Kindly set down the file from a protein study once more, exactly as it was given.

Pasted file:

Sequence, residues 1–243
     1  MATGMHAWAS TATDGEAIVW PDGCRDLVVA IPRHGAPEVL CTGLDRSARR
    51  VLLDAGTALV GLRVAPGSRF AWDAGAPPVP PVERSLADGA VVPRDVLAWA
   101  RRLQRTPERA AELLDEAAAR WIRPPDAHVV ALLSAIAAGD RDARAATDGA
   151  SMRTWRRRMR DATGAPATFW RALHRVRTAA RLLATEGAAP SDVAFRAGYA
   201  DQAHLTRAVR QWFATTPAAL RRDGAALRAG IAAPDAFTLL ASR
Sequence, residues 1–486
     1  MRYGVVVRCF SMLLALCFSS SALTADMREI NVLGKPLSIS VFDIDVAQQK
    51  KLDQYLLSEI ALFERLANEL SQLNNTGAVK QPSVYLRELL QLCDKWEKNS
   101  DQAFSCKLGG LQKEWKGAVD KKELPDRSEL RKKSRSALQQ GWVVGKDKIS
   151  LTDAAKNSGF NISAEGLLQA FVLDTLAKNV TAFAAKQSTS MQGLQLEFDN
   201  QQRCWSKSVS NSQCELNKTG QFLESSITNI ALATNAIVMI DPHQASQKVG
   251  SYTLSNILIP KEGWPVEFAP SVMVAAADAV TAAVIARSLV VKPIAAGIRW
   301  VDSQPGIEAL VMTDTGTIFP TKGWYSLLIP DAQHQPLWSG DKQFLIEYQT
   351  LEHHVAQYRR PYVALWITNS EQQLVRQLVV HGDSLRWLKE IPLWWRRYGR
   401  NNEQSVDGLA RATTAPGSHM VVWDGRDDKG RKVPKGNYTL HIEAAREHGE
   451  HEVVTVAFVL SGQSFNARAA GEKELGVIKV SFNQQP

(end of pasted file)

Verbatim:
Sequence, residues 1–243
     1  MATGMHAWAS TATDGEAIVW PDGCRDLVVA IPRHGAPEVL CTGLDRSARR
    51  VLLDAGTALV GLRVAPGSRF AWDAGAPPVP PVERSLADGA VVPRDVLAWA
   101  RRLQRTPERA AELLDEAAAR WIRPPDAHVV ALLSAIAAGD RDARAATDGA
   151  SMRTWRRRMR DATGAPATFW RALHRVRTAA RLLATEGAAP SDVAFRAGYA
   201  DQAHLTRAVR QWFATTPAAL RRDGAALRAG IAAPDAFTLL ASR
Sequence, residues 1–486
     1  MRYGVVVRCF SMLLALCFSS SALTADMREI NVLGKPLSIS VFDIDVAQQK
    51  KLDQYLLSEI ALFERLANEL SQLNNTGAVK QPSVYLRELL QLCDKWEKNS
   101  DQAFSCKLGG LQKEWKGAVD KKELPDRSEL RKKSRSALQQ GWVVGKDKIS
   151  LTDAAKNSGF NISAEGLLQA FVLDTLAKNV TAFAAKQSTS MQGLQLEFDN
   201  QQRCWSKSVS NSQCELNKTG QFLESSITNI ALATNAIVMI DPHQASQKVG
   251  SYTLSNILIP KEGWPVEFAP SVMVAAADAV TAAVIARSLV VKPIAAGIRW
   301  VDSQPGIEAL VMTDTGTIFP TKGWYSLLIP DAQHQPLWSG DKQFLIEYQT
   351  LEHHVAQYRR PYVALWITNS EQQLVRQLVV HGDSLRWLKE IPLWWRRYGR
   401  NNEQSVDGLA RATTAPGSHM VVWDGRDDKG RKVPKGNYTL HIEAAREHGE
   451  HEVVTVAFVL SGQSFNARAA GEKELGVIKV SFNQQP